The situation in Britain is even worse, because of the greater incompetence and corruption of its public service than that of France, combined latterly with increasing costs and inefficiencies imposed by obedience to politically correct goals.

But reform is impossible because so many people have now become dependent on the state, either directly because the state pays them to do nothing, or because they are employed by the state, or because the enterprise or business for which they work is employed by the state, such that the difference between the public and the private sector is increasingly blurred. When I look around me, for example, I see a neighbor, the owner of a prosperous private consultancy whose business is helping people to obtain subsidies from various levels of government. I came across another consultancy whose business was to assist local government in reducing their payment of taxes that the central government imposes on their suppliers.

It follows that attempts to reduce government expenditure, imperatively necessary for financial reasons, would, if carried out, cause genuine hardship or discomfort to many. And if there is one thing that a modern democracy promises its members, it is increasing comfort, or at the very least the avoidance of discomfort. It would not be very difficult to trigger social discontent and violence on a large scale.

There is a kind of dialectic at work here: First, the government makes people dependent on it; then the government becomes dependent on the people whom it has made dependent on it. From this infernal cycle, it is not easy to escape. The former head of the European Commission, Mr. Jean-Claude Juncker, once said, of European politicians, “We all know what to do, but we don’t know how to get re-elected once we have done it.”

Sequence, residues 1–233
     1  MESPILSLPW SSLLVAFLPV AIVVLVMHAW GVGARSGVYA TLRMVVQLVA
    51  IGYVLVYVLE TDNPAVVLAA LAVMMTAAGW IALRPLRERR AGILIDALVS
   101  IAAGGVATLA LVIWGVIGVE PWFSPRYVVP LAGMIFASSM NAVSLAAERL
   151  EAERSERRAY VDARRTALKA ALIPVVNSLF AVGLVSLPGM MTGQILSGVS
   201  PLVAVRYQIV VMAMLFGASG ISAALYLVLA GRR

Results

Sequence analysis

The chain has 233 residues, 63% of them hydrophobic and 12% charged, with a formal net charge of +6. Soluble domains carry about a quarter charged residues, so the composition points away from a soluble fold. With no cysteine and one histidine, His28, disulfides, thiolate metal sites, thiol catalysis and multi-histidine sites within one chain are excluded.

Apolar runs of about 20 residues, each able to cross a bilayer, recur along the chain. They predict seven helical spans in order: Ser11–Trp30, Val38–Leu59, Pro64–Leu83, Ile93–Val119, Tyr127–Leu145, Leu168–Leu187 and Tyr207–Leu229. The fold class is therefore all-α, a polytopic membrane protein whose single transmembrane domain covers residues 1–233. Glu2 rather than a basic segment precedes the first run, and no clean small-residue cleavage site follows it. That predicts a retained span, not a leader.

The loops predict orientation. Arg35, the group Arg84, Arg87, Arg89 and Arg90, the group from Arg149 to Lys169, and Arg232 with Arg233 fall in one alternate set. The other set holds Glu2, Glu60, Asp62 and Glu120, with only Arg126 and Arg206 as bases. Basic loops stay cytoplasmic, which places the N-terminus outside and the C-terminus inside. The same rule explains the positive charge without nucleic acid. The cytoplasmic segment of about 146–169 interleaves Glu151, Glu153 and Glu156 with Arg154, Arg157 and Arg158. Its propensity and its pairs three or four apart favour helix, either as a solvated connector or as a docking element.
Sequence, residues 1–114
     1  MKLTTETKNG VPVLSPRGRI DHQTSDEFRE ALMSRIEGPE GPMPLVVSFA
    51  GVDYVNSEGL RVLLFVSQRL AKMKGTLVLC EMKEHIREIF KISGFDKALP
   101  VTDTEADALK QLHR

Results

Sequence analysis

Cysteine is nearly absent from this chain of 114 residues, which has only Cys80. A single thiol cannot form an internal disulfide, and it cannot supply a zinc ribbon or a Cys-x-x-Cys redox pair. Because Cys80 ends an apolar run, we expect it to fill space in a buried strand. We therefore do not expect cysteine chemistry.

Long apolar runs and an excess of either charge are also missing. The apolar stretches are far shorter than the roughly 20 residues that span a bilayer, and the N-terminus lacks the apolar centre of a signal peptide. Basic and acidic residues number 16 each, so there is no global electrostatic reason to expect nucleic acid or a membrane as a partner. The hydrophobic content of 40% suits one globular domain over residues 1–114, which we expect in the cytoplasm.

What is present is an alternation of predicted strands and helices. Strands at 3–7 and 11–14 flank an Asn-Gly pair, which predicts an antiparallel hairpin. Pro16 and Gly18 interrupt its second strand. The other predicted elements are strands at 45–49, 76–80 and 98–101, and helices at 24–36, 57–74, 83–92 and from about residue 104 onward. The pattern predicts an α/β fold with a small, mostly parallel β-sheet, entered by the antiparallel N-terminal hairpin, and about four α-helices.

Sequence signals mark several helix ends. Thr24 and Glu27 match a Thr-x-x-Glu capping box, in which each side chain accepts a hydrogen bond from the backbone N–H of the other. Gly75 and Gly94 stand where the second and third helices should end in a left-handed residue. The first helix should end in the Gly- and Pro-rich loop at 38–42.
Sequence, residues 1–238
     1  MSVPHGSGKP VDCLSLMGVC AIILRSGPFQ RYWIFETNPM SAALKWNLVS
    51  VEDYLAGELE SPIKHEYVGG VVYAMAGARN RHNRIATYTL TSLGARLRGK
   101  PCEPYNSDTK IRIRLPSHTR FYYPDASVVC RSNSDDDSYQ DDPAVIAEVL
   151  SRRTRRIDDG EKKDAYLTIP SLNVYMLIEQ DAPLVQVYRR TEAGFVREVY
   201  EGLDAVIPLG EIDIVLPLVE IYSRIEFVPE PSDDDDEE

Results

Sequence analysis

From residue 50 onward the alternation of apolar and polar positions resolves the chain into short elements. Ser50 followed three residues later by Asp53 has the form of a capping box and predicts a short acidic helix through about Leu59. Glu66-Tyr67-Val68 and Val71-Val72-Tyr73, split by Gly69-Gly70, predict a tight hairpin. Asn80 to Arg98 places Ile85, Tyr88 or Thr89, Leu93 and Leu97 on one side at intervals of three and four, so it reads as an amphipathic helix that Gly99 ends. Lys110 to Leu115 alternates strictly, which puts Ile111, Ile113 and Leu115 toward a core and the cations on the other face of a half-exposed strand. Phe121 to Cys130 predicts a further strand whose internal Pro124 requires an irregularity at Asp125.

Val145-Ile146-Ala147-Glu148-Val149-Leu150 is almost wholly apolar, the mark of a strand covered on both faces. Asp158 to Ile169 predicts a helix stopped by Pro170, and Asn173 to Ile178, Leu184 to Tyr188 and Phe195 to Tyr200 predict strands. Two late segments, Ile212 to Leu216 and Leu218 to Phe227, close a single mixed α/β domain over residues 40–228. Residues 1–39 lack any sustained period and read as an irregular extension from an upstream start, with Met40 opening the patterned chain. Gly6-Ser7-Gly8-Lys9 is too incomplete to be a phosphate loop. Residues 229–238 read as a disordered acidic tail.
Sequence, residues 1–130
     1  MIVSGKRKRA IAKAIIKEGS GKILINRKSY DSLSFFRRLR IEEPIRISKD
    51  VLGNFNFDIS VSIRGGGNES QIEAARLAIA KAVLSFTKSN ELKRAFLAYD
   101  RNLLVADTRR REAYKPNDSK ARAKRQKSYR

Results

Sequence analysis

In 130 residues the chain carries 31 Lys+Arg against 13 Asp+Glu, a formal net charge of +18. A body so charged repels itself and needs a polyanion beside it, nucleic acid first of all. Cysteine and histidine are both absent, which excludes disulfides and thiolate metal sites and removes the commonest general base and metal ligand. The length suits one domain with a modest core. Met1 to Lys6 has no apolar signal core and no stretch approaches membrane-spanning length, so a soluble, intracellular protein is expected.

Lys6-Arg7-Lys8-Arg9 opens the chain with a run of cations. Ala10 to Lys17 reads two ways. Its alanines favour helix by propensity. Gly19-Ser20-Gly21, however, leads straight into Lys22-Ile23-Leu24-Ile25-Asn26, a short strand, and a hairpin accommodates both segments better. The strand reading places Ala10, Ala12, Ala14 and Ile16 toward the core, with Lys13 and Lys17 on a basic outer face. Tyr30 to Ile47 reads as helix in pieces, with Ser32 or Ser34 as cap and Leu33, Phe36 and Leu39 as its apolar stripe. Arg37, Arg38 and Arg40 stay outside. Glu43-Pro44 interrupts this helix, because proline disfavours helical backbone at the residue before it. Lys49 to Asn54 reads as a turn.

Mr. Milei came to power with a clear majority because the situation in Argentina was so bad that it was obvious to a large proportion of the population that something in the country had to change, and change drastically. But if 55 percent of Argentinians voted for him, 45 percent did not; and while psephologists might consider this a very large difference, I do not think it would take very much for it to melt away and reverse. After all, euphoria has more in common with despair and anger than with good sense. Most of us live in the short term and are reluctant enough to make sacrifices for our own good, let alone for the good of others.

People in Britain and France should pay close attention to what is happening in Argentina, for it is a laboratory for their own future. There are differences of course; the French economy, for example, has already in effect been dollarized by its adherence to a currency that it does not control, the euro.

Incidentally, I saw an unintentionally funny line in an article about Argentina’s proposed dollarization. It would, it said, halt Argentina’s addiction to the money printing machine. Ha! Try telling that to an American monetarist!

Views expressed in this article are opinions of the author and do not necessarily reflect the views of The Epoch Times or ZeroHedge.

Tyler Durden Thu, 03/21/2024 - 22:00